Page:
I can remember you, child,
As I stood in a hot, white
Room at the window watching
The people and cars taking
Turn at the traffic lights.
I can remember you, our first
Fierce confrontation, the tight
Red rope of love which we both
Fought over. It was square
Environmental blank, disinfected
Of paintings or toys. I wrote
All over the walls with my
Words, coloured the clean squares
With the wild, tender circles
Of our struggle to become
Separate. We want, we shouted,
To be two, to be ourselves
Neither won nor lost the struggle
In the glass tank clouded with feelings
Which changed us both. Still I am fighting
You off, as you stand there
With your straight, strong, long
Defiant glare, bringing up
From the heart's pool that old rope,
Tightening about my life,
Trailing love and conflict,
As you ask may you skate
In the dark, for one more hour.
What is it about? Theme?
loving but sometimes tense relationship
between a mother and daughter
deals with two separate confrontations
between them
- the actual birth,
- then one night about twelve or fourteen
years later, when Catrin wants to go out
roller skating after dark and her mother
Biographical note
Poet’s own relationship with her daughter,
wrote the poem to answer the question,
"Why did my beautiful baby have to
become a teenager?"
seems torn between celebrating her child
is growing up,
and resisting her desire for independence
very personal poem but could be about
any relationship between a mother and
The poem consists of short lines divided
into two stanzas.
One stanza deals with Catrin's birth, one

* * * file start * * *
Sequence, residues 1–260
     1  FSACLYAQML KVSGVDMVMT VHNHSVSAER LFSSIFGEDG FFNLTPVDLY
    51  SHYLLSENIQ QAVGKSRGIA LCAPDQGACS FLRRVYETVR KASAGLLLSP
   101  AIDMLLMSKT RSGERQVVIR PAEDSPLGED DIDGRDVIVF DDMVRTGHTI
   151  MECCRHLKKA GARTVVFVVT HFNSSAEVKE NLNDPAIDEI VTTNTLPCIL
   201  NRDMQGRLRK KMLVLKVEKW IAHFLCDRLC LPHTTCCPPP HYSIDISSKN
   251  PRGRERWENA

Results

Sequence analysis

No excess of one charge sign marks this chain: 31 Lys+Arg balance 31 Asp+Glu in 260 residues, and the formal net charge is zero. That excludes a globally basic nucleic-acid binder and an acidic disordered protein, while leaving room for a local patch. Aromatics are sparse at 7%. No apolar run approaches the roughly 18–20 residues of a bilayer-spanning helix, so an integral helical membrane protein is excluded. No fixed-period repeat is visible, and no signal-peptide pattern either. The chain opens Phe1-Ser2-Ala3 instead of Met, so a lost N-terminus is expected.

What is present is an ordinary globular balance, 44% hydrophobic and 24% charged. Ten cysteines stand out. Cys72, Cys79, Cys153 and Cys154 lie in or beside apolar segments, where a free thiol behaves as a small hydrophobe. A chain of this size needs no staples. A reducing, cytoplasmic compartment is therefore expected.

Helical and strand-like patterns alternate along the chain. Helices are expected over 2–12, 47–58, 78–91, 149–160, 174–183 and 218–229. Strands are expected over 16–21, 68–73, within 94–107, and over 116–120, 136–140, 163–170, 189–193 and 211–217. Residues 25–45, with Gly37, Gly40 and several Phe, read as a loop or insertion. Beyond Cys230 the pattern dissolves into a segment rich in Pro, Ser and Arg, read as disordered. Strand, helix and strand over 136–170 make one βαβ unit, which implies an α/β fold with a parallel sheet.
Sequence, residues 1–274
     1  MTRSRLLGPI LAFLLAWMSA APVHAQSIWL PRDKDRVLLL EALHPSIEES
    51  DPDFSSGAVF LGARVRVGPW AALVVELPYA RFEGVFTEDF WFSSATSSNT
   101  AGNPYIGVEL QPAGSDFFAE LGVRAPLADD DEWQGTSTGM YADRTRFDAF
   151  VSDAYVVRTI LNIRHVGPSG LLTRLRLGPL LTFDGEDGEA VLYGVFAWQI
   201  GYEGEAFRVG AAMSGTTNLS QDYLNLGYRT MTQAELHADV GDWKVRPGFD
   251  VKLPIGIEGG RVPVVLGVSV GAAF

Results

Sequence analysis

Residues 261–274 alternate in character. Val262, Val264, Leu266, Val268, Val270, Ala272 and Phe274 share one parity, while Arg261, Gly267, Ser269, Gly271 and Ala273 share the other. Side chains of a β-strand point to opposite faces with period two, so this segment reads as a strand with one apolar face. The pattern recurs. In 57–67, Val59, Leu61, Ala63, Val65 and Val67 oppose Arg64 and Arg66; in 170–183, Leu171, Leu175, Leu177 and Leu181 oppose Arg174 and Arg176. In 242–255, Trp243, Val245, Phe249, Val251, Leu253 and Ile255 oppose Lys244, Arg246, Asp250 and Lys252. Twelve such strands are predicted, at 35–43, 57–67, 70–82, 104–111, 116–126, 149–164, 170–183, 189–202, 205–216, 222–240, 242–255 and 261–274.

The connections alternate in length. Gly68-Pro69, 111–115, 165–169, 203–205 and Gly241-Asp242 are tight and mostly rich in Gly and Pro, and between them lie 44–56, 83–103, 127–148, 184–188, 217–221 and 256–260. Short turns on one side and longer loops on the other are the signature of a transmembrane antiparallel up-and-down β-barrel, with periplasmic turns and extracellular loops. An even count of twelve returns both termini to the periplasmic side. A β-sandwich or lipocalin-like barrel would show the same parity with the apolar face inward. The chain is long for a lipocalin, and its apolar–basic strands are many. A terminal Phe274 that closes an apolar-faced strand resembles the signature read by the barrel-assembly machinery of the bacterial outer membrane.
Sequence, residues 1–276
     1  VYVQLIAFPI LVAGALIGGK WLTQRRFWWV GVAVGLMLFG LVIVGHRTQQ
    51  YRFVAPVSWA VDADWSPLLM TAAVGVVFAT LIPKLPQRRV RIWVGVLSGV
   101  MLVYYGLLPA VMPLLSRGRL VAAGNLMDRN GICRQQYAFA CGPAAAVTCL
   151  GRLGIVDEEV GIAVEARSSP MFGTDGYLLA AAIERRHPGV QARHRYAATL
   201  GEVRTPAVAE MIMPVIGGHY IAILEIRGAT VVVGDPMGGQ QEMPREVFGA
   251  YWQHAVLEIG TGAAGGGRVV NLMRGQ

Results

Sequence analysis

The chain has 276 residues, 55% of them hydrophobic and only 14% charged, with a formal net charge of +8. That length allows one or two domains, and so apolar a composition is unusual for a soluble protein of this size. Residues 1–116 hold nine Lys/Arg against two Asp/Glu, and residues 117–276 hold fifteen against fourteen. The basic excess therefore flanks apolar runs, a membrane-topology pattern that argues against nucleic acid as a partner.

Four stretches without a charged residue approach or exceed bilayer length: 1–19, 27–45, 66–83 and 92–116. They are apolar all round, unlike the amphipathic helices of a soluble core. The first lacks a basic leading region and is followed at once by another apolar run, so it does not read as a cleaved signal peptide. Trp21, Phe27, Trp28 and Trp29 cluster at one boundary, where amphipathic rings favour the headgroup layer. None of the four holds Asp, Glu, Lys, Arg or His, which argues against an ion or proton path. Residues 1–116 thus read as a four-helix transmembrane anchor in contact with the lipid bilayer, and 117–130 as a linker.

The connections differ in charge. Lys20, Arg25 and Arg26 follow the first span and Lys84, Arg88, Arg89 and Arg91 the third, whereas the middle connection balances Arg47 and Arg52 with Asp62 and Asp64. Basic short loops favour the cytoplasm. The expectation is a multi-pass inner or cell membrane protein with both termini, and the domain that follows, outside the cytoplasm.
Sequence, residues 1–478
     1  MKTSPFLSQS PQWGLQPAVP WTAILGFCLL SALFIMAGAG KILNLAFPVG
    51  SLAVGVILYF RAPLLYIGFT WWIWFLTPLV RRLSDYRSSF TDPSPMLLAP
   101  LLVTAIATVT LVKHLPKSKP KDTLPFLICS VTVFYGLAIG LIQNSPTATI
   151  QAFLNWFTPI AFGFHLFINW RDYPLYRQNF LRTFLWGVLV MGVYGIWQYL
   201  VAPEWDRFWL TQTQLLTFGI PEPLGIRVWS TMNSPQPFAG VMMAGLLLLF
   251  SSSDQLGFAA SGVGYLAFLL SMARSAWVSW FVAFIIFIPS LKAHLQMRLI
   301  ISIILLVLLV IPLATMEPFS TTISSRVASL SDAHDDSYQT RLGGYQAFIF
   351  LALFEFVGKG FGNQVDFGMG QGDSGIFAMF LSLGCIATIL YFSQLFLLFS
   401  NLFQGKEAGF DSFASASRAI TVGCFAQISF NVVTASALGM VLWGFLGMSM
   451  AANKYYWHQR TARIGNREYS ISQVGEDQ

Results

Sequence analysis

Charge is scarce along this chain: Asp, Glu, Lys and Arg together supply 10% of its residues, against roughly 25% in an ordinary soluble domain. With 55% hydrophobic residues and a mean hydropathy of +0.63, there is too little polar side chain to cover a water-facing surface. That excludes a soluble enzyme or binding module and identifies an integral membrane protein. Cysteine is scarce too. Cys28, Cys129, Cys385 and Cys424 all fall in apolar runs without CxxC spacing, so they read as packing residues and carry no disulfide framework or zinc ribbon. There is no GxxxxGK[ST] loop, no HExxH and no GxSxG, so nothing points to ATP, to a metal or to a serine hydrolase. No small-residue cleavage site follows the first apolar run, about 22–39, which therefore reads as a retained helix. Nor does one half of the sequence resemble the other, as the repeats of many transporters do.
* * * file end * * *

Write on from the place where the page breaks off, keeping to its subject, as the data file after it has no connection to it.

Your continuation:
the skating incident.
pause between them perhaps to make
readers wonder what took place in the
intervening years
name of the child we meet in line 1
name is not mentioned again?
perhaps to reflect the universality of the poem:
it could be about any mother / child relationship.
Yet also, since the poem is addressed to the
child, you, it may be that the relationship is so
close that names are unnecessary.
Other language features
first stanza - past tense - as persona
remembers birth of her daughter
second stanza, however, is in the present tense
- suggests that a struggle is still going on
between them - and that their love is still as
intense as ever
very simple language – could be used to
indicate the simple, intense feelings that the
poem conveys
focus of the dispute?
skating in the dark
something that children are likely to want to do
and parents likely to refuse
"it is beautiful and dangerous to be young"
Perhaps the mother recognises that and would
like to let her daughter out to enjoy the
experience, but worries about what might
happen if she does...
begins in the labour ward of the hospital: it
is 'hot, white' (line 2) and sterile
seems at odds with the intimate event that
is about to occur
also seen as 'a square / Environmental
blank' (line 9) and a 'glass tank' (line 19)
Why do you think Clarke places so much
emphasis on the hospital building?
Before the actual birth, persona looks out
of the window at 'The people and cars'
(line 4) going about their everyday
in contrast, what is she about to
Why do you think she mentions 'the traffic
lights' (line 5)?
Metaphorical language
What does ‘The tight / Red rope of love'
(line 8) represent?
Literal: the umbilical cord
Figurative meaning?
red - blood that flowed between the
mother and the child in the womb;
red - colour of passion and love.
red – life – contrasts with the stark, sterile,
white hospital surroundings.
Metaphorical language
Mother and child 'fought over' (line 9)
the cord?
fought suggests brutality and pain of
perhaps poet is marvelling at how
love and life are created through